4. what do I need to teach? for example- teaching how to make LED beads.
Then, go shopping:

* supermarket, drugstore, chain fabric, chain hardware, radioshack: use what people can easily get.

* Avoid the 'scary' places = complex, difficult to use websites. If you *must* then give exact part number and link to the part.

* Stay focused - [example- complex craft store - the electronics store is as imposing if you're not used to it] - hear - use a button as the pcb to hold the LED

* No geek speak in craft stores. Talk to them, show them pictures, don't use techie jargon

* Prototype and Photograph. take lots of photos: every step documented. 25 projects in 5 months

* don't stop until it's right. Simplify until it's realistic and do-able.

* red ink - check each step, have a person who can test it, test it.

* Diagram

* Photography - example - showing project in many locations

* Put it out there - iHeartSwitch, threadbangers, instructables, craftzine, volunteer, workshops, birthday presents, etc. Think: how could you scale to teach many people.
Q&A

Alison's background: she worked at a company- scarf that detected wifi, etc. They started out building everything themselves, and then instead (now) sent out kits for others to use.
Q: interested in advanced technologies? Yes- fashion is interested in tech: \"Epidermal interfaces.\" Wearable and fashion technology are converging. Example: color changing dress by Cute Fashion.

Q: how do you clean -- Electronics and water don't mix? A: technologies are changing, can remove batteries, flexible, etc. See push in Italy for washable technologies.

Q: adoption? Novelty is an issue.

Q: wearable solar
==============================================

4:15

Modeling Brain Dynamics

Rosa Chan, USC.

Project: started as input output properties of the hippocampus

background - cortical prosthesis

Generalized Laguerre-voltera [get name]
idea: a multi-site electrode array to connect long and short term memory, using a VLSI biomimetic model.
1. Three types of neural prostheses

- sensory, see Second Sight company/spinnoff. Case of helping after retinal damage

- motor, after amputation for example

- Cortical prosthesis - her project. Help patients who've lost brain function - a bridge between one and another parts of the brain. Example: movie:memento- lost hippocampus
Need to understand inputs/outputs

example: rat, delayed non match to sample (DMNS) memory task. Similar to remembering where one parked a car.

[Deadwyler's lab @ wake forest university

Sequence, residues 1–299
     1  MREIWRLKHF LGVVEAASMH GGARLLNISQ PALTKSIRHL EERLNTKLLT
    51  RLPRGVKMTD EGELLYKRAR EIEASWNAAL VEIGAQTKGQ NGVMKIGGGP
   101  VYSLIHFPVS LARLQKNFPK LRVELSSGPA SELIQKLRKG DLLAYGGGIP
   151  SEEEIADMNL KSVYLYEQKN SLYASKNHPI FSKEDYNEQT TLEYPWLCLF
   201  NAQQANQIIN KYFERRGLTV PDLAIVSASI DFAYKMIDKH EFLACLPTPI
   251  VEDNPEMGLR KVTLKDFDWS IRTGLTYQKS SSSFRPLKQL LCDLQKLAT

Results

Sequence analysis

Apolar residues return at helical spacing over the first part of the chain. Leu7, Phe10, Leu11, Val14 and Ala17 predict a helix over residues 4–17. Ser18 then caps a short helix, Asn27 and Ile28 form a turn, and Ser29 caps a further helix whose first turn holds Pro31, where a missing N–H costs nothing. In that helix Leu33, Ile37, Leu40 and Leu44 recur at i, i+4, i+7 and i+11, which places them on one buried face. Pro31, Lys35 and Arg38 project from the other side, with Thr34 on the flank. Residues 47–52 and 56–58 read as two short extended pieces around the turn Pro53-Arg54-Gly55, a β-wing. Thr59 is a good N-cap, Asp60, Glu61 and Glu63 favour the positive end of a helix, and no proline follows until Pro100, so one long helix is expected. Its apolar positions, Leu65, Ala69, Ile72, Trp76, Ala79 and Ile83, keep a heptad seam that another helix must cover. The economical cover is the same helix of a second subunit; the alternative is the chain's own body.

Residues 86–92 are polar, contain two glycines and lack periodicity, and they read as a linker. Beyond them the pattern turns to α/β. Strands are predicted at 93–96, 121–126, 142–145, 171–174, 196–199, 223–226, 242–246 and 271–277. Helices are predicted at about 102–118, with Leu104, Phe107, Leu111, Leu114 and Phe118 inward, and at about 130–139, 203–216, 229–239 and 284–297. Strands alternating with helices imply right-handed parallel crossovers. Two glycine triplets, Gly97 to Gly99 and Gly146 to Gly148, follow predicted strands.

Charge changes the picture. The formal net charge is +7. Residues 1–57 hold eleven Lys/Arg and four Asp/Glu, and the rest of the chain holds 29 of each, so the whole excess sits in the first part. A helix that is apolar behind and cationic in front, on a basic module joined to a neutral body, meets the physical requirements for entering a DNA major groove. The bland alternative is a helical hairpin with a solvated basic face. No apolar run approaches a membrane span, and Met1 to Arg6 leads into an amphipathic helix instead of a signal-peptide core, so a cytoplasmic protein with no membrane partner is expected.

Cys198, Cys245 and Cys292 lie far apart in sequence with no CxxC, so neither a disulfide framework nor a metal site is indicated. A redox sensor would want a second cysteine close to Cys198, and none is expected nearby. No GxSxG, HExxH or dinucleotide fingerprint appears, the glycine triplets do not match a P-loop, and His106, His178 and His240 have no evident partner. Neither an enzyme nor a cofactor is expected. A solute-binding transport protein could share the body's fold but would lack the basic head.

Two approaches

* I/O Driven models

Available measurements - FMRI, EEG, MEG; Spike trains.

like trying to hear a concert from the outside, listening through the door.

[diagram Brown et al Nature Neurosci 2004]
* Bottom-up approach

Leaders:

IBM Blue Brain,

IBM SyNAPSE Team, [Henry Markham ? in Switzerland]

UCSD Whole Brain,

EONS (elementary objects of the neural system) model at the synapse level

[diagram: Bouteiller et al J of Integrative Neruoscience 2008]
Model from synapse to neuron - EONS...
But neurons are only 10% of the brain. Glia = 90%

Modeling the other brain - take into account Neruon-glia interaction. This has been neglected.
H. is a multi I/O system.

it is dynamical and nonlinear. NOnstationary nonlin dyn underlie spike train transformations.

Also Stoichastic - different spike outputs for the same continuous firing probability
They built a physiologically plausible model, and a stoichastic model.
Then-- she had it implemented on a system.

recording - multichannel processor - spike sorting - program - simulator- output.
Results: a drug (mk801) inhibits H function: they built a real-time facilitation of hippocampal impaired rat.

* They can predict if it's making particular decisions in a MIMO closed loop performance.

[Unpublished]
Importance:

*Learning,

*Role of context,

*Adaptation,

* hormonal fluctuations [corticosterones/stress, estrogens, ghrelin/hunger]
She now has a whole series of data.

Next - moving from rat to monkey model.
==============================================

4:45

David Hutchinson: Feedback in Hierachical Temporal Memory
A topic he likes, not what he researches (which is graphene, etc)
HTM: an interactive heirarchy of levels all waiting...

Will talk about feedback loops

Example: internal letter mixups in words, where people can understand. This will be his model system - how we read words.
Recommends: Hawkins \"On Intelligence\"

3 facets / characteristics of HTM

1 hierarchical reasoning - there is a hierarchy

2 predictions

3 feedback - beyond external and internal world interacting. between internal levels w/in head

You don't close your eyes when you are driving
Example: \"Psychology\" it has a shape, with spikes, etc.

Your brain does some interesting things. Flash word fast. Measure how quickly it could be identified. Research done in 60's.

now \"psychoigy\" or \"psycgology\" therefore brain is looking at overall shape

fastest: \"psychologr\"

Another more interesting thing, your brain picks it up even sooner by chaning the last letter. Seems to start at both ends and work in. Looks at shape.

Also looks at local features. White space, black space, angles.

start at both ends, read inwards, decipher overall shape, real-time sensitization

global and local levels: how does brain talk to each?

[Slide: Real-time sensitization]

So you glance at a word for the first time.

Both local and global feature recognizers jump in.

Local says could be that word or that word, but 90% sure it is NOT that word.

One can say to the other \"try harder\"

Global recognizer takes two words and looks for ups/downs. Sensitizes to particular feature.

finds \"two ups\" and passes that back down to Localizer. results in time delays in what we can recognize.

For example, change a letter to something similar it will take longer than for something completely different.